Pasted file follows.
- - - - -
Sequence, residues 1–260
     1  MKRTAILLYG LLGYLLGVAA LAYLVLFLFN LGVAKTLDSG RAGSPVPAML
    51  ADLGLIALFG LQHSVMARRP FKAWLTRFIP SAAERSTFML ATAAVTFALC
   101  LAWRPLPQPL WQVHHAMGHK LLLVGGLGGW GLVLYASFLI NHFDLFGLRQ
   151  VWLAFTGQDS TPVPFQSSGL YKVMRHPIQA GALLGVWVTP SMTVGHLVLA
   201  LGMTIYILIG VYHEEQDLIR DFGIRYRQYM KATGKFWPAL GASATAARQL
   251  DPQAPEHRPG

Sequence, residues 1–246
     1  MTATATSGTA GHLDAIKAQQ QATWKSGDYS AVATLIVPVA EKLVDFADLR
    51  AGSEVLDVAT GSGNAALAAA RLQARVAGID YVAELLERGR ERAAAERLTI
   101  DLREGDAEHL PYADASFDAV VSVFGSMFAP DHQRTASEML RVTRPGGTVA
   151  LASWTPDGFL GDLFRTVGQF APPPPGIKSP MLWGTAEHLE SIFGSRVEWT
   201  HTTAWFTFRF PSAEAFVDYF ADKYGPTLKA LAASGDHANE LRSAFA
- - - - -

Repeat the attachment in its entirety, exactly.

Sequence, residues 1–260
     1  MKRTAILLYG LLGYLLGVAA LAYLVLFLFN LGVAKTLDSG RAGSPVPAML
    51  ADLGLIALFG LQHSVMARRP FKAWLTRFIP SAAERSTFML ATAAVTFALC
   101  LAWRPLPQPL WQVHHAMGHK LLLVGGLGGW GLVLYASFLI NHFDLFGLRQ
   151  VWLAFTGQDS TPVPFQSSGL YKVMRHPIQA GALLGVWVTP SMTVGHLVLA
   201  LGMTIYILIG VYHEEQDLIR DFGIRYRQYM KATGKFWPAL GASATAARQL
   251  DPQAPEHRPG

Sequence, residues 1–246
     1  MTATATSGTA GHLDAIKAQQ QATWKSGDYS AVATLIVPVA EKLVDFADLR
    51  AGSEVLDVAT GSGNAALAAA RLQARVAGID YVAELLERGR ERAAAERLTI
   101  DLREGDAEHL PYADASFDAV VSVFGSMFAP DHQRTASEML RVTRPGGTVA
   151  LASWTPDGFL GDLFRTVGQF APPPPGIKSP MLWGTAEHLE SIFGSRVEWT
   201  HTTAWFTFRF PSAEAFVDYF ADKYGPTLKA LAASGDHANE LRSAFA